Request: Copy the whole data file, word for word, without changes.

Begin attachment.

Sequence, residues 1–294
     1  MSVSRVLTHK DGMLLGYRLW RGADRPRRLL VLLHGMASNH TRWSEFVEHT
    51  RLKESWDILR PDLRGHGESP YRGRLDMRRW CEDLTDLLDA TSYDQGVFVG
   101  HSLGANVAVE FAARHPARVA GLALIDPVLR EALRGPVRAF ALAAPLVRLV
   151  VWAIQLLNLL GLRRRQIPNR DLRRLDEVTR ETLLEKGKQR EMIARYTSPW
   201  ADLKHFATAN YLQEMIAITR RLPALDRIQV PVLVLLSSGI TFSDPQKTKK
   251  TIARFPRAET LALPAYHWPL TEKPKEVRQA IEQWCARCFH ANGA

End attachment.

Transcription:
Sequence, residues 1–294
     1  MSVSRVLTHK DGMLLGYRLW RGADRPRRLL VLLHGMASNH TRWSEFVEHT
    51  RLKESWDILR PDLRGHGESP YRGRLDMRRW CEDLTDLLDA TSYDQGVFVG
   101  HSLGANVAVE FAARHPARVA GLALIDPVLR EALRGPVRAF ALAAPLVRLV
   151  VWAIQLLNLL GLRRRQIPNR DLRRLDEVTR ETLLEKGKQR EMIARYTSPW
   201  ADLKHFATAN YLQEMIAITR RLPALDRIQV PVLVLLSSGI TFSDPQKTKK
   251  TIARFPRAET LALPAYHWPL TEKPKEVRQA IEQWCARCFH ANGA